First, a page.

Can Wearable Technology Help Prevent Some Sports Injuries?

"Wearable technology" is a term heard with increasingly frequency in the field of sports medicine. Various devices are designed to be worn by athletes, not only to measure their performance, but also to help prevent injury.

Two of the more popular devices being used recently are GPS technology and helmet sensors. They're used in a variety of sports, including football, basketball, lacrosse, and hockey. Here's what you need to know about each, whether you're an athlete or the parent of one:

GPS devices

This technology tracks a wealth of data as athletes compete, including his or her running motion, speed, heart rate, and force of any impacts. Software can create an individual profile for each athlete, including injury history.

GPS technology has been used in extensively in Australian Rules Football and European rugby, and it's becoming more popular in the U.S.  The idea is that by seeing and analyzing data almost immediately, a player can be rested if he is at risk for injury.

Several pro and college football teams have used GPS in the United States. Jimbo Fisher, Florida State University's head coach, is a big believer in its benefit and says it has helped greatly reduce injuries on his team, particularly soft-tissue injuries. These types of injuries include hamstring and calf muscle pulls.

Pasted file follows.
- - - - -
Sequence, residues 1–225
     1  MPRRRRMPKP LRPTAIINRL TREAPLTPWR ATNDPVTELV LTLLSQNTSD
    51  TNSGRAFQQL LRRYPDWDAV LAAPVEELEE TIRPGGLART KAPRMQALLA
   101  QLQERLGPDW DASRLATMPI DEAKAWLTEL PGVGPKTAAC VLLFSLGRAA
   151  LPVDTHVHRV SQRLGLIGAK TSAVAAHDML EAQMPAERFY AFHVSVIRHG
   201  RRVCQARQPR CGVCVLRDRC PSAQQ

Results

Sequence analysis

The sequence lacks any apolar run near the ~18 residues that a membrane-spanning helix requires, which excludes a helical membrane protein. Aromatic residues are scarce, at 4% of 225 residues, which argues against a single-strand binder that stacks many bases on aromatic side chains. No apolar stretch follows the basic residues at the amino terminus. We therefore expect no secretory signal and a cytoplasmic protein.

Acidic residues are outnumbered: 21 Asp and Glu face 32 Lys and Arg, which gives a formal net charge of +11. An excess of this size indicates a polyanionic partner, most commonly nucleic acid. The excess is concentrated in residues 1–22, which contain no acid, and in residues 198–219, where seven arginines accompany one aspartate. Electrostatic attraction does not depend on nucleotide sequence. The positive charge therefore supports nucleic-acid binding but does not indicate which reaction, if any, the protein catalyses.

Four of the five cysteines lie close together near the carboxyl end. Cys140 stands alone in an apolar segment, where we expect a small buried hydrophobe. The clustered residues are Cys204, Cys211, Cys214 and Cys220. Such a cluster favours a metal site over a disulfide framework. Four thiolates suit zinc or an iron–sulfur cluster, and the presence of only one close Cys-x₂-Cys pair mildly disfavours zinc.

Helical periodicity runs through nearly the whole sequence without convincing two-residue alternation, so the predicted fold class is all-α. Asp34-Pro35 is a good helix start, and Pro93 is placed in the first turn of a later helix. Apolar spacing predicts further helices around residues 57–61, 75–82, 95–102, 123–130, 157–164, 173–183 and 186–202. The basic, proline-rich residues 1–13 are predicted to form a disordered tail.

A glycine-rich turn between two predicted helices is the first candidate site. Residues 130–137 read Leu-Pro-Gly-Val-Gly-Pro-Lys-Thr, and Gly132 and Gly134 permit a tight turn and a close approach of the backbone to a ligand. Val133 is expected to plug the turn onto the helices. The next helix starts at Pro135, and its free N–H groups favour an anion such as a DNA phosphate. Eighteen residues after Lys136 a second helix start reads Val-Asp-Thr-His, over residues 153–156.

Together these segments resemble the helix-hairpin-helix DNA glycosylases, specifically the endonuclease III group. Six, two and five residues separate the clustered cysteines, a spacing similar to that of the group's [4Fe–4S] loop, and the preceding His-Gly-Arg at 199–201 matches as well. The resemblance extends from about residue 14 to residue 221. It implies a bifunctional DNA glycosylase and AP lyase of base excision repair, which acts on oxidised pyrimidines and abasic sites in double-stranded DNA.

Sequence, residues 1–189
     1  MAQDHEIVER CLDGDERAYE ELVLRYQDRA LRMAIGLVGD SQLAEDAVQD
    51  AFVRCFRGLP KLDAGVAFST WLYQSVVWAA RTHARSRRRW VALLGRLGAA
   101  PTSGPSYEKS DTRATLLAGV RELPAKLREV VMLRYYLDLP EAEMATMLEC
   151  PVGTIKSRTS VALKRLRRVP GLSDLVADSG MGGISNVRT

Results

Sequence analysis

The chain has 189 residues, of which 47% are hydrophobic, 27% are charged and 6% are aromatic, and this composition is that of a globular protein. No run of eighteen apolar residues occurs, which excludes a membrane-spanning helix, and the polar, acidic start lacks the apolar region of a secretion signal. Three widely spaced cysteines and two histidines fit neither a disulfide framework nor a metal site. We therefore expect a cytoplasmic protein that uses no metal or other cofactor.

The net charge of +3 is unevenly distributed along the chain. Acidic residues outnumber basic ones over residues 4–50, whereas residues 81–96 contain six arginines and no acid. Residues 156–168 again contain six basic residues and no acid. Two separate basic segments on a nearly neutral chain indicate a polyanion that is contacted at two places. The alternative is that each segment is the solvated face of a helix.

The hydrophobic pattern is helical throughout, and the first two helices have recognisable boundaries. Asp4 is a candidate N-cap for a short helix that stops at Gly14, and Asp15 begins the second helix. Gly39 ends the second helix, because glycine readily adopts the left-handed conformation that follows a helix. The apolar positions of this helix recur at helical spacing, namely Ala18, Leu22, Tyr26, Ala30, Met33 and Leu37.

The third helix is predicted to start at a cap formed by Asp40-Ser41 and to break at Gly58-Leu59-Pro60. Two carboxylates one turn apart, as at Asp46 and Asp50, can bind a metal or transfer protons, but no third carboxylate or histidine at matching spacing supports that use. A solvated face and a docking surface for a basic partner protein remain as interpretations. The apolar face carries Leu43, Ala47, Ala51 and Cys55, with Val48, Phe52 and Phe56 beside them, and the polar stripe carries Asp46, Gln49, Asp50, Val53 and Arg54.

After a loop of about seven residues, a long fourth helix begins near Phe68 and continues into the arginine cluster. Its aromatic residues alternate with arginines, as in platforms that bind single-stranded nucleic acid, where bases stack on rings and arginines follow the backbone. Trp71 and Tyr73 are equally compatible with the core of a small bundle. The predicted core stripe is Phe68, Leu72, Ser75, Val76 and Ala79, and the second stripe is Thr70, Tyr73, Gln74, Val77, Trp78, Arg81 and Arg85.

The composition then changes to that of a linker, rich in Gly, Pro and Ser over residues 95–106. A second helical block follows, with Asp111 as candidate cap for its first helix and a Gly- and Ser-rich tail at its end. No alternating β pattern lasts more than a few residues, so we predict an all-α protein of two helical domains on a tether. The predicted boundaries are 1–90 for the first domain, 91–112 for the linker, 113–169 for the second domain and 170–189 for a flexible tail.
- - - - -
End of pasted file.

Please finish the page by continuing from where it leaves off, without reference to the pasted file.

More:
The device is useful in providing data on individual players in team sports, each of who has a different fitness level, physique, and physical demands due to the position played. A coach or trainer can use this information to help protect players during games and also to alter practices if necessary.

Helmet sensors

We're becoming more and more aware of the danger of concussions, particularly in the long term. As a result, some youth and high school football teams in the U.S. are equipping helmets with sensors designed to detect hard hits to the head. They're also used in the Arena Football League and by several college football teams during their practices.

Sensors cause a light to flash to indicate a particularly hard hit that may put the athlete at risk for a concussion. This information is transmitted to a handheld unit that can alert a coach or trainer to the fact that an athlete needs to be monitored and possibly taken out of the game or practice.

Some people question the sensors' accuracy, however, and they can't detect whether a concussion has actually occurred. In addition, they can measure one hard hit, when a concussion sometimes results from repeated hits rather than one devastating blow.

The sensors may prove to be a helpful tool, but experts say they shouldn't result in a false sense of security.

Ultimately, technology can help athletes by giving coaches, trainers, and parents more information about conditions that could increase the risk of injury. If you're interested in trying something new, a sports medicine doctor can give you advice on its effectiveness and any possible limitations.